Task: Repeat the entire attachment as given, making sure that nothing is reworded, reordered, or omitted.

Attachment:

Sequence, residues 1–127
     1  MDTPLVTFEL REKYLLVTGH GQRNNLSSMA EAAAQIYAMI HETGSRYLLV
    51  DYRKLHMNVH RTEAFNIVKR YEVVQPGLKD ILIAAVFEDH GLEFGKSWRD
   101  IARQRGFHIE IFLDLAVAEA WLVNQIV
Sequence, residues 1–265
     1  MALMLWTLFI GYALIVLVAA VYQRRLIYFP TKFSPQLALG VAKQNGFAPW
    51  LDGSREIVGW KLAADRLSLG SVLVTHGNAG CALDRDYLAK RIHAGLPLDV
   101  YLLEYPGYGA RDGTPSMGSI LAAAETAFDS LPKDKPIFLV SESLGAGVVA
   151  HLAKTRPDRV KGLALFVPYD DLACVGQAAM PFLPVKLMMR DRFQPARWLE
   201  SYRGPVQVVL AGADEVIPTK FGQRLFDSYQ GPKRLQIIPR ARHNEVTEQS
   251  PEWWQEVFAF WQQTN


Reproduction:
Sequence, residues 1–127
     1  MDTPLVTFEL REKYLLVTGH GQRNNLSSMA EAAAQIYAMI HETGSRYLLV
    51  DYRKLHMNVH RTEAFNIVKR YEVVQPGLKD ILIAAVFEDH GLEFGKSWRD
   101  IARQRGFHIE IFLDLAVAEA WLVNQIV
Sequence, residues 1–265
     1  MALMLWTLFI GYALIVLVAA VYQRRLIYFP TKFSPQLALG VAKQNGFAPW
    51  LDGSREIVGW KLAADRLSLG SVLVTHGNAG CALDRDYLAK RIHAGLPLDV
   101  YLLEYPGYGA RDGTPSMGSI LAAAETAFDS LPKDKPIFLV SESLGAGVVA
   151  HLAKTRPDRV KGLALFVPYD DLACVGQAAM PFLPVKLMMR DRFQPARWLE
   201  SYRGPVQVVL AGADEVIPTK FGQRLFDSYQ GPKRLQIIPR ARHNEVTEQS
   251  PEWWQEVFAF WQQTN